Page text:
His art is also in private collections all across the United States. He has participated in numerous juried art shows. In 1999, he self-published a hard-bound limited edition book "The Pinnacle Landscapes" which focused on a series of rural images created around the Kempton area with a focus on the Pinnacle, the most prominent geographical aspect of Berks County.

Bond only exhibits at a few select venues during the year, including the upcoming Kutztown Folk Festival.

"I am constantly inspired by the wonderful agrarian landscape of northern Berks County, the undulated hills and vales of Albany Township, the iconic farmsteads, sunsets, thunder-heads and entrancing views of the Kitattinny Ridge," said Bond. "I'm also inspired by artists as varied as Van Gogh, George Inness and Monet, but I reserve a special fondness for John Constable, the great English landscape artist of the 18th century."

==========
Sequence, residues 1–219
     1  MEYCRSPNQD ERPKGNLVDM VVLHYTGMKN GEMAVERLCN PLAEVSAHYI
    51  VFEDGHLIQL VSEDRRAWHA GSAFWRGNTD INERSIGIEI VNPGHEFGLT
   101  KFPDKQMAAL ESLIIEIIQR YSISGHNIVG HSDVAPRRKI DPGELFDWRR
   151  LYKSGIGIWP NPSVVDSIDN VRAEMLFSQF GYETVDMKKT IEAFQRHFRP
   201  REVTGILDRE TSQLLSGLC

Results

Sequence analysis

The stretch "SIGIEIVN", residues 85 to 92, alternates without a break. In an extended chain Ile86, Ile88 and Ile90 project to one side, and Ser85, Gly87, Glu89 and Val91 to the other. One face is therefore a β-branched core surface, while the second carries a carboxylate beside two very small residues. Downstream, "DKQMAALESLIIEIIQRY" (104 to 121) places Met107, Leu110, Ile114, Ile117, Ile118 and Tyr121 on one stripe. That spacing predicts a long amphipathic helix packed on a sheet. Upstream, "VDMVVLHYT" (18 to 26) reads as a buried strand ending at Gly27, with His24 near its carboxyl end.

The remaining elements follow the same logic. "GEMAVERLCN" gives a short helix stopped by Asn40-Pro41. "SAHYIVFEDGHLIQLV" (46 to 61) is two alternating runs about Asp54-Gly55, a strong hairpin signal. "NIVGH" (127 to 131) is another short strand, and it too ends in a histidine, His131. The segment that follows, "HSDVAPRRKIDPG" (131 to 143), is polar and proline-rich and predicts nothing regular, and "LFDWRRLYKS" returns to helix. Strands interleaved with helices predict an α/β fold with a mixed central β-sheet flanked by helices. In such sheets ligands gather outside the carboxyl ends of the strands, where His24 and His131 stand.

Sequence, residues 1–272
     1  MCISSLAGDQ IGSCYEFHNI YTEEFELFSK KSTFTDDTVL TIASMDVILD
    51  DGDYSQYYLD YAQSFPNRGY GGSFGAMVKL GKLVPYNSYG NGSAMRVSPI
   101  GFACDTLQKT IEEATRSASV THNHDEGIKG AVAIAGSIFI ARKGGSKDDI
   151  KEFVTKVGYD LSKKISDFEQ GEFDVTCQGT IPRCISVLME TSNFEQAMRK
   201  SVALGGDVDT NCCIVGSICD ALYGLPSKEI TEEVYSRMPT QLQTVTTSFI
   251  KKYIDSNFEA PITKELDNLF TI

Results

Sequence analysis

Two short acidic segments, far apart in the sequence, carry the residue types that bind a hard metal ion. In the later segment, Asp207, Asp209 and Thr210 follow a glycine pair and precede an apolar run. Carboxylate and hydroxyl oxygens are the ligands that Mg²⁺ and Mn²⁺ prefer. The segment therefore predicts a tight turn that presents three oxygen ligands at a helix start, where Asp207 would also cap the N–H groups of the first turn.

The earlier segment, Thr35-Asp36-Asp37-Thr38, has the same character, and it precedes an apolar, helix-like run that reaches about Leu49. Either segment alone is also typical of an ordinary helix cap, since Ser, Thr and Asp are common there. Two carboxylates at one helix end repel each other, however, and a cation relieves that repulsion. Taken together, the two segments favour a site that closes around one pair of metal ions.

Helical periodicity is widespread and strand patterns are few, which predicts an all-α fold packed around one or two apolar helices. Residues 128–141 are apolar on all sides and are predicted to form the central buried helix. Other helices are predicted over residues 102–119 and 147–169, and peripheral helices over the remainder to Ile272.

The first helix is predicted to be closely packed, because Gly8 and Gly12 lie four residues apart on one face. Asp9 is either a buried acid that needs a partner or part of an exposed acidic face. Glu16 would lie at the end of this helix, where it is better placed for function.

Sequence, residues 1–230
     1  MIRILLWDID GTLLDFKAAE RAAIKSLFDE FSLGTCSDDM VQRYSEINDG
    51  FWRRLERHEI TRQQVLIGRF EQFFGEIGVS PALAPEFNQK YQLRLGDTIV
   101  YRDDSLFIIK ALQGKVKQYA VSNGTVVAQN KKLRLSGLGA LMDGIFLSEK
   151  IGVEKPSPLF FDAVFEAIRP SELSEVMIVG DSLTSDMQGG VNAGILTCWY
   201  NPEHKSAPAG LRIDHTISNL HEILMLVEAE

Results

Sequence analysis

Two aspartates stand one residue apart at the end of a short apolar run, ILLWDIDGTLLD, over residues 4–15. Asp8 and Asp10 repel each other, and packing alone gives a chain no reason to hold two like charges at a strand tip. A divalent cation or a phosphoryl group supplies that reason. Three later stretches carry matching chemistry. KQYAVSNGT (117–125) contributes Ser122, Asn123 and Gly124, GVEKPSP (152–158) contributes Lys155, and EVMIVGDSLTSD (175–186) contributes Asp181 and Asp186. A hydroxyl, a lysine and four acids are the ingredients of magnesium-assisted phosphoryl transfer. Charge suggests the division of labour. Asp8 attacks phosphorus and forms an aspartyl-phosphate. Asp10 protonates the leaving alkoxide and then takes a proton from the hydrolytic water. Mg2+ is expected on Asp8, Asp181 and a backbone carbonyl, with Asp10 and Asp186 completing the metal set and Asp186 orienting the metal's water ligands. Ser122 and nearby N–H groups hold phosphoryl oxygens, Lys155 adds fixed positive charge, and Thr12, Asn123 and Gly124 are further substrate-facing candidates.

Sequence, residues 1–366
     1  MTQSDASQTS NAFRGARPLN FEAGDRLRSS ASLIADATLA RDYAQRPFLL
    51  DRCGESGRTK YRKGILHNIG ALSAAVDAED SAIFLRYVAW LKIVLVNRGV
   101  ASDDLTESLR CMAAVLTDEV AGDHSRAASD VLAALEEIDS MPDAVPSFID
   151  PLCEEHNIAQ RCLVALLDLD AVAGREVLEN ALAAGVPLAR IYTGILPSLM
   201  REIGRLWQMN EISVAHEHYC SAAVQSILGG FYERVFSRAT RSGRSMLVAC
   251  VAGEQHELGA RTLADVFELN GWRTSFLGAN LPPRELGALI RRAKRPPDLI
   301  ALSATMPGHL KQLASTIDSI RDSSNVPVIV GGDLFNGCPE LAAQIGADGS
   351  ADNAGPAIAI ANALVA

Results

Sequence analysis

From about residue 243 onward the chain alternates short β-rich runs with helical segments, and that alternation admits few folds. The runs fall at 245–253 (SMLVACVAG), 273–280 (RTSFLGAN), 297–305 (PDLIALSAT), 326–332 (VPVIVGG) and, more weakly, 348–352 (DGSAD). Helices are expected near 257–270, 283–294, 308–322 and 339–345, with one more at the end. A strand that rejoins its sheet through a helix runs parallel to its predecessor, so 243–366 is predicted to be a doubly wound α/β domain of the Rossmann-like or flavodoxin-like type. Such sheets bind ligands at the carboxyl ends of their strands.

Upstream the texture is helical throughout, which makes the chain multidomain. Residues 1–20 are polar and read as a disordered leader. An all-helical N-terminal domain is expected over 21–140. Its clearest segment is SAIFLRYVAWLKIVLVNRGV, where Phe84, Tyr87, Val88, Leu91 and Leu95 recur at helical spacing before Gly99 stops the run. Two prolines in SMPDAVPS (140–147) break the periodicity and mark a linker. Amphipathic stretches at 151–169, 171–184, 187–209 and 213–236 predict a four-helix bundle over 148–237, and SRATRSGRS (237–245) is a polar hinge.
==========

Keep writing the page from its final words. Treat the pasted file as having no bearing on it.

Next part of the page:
Bond works predominantly in oils on canvas and wood panels.

For his latest collection of images, Bond sought inspiration from the simple and everyday parts of the local Pennsylvania landscape: stone walls and farm buildings, old wagons, outbuildings, decaying wood, wildlife, birdhouses and more; hence the Stone and Wood tagline for this exhibit to be held in conjunction with the 2009 Hawk Mountain Arts Tour.

"The exhibition can be construed as melancholy and wistful - indeed some of the images are downright sublime in their perceived simplicity," he said. "Many of the paintings have much deeper personal meanings for me including memories of kin, growing older and having children grow up and leave home. Several of the new paintings are my tip of the hat to artists Andrew Wyeth and John Constable, the writer John Updike and poet Robert Frost."

The 70 new works have been the product of his studio since October 2008.